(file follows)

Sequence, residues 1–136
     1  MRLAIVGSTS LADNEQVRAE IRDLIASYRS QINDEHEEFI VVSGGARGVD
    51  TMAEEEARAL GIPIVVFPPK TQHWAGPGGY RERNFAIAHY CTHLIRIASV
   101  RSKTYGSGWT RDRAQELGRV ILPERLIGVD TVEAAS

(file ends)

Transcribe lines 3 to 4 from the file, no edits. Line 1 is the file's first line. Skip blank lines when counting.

    51  TMAEEEARAL GIPIVVFPPK TQHWAGPGGY RERNFAIAHY CTHLIRIASV
   101  RSKTYGSGWT RDRAQELGRV ILPERLIGVD TVEAAS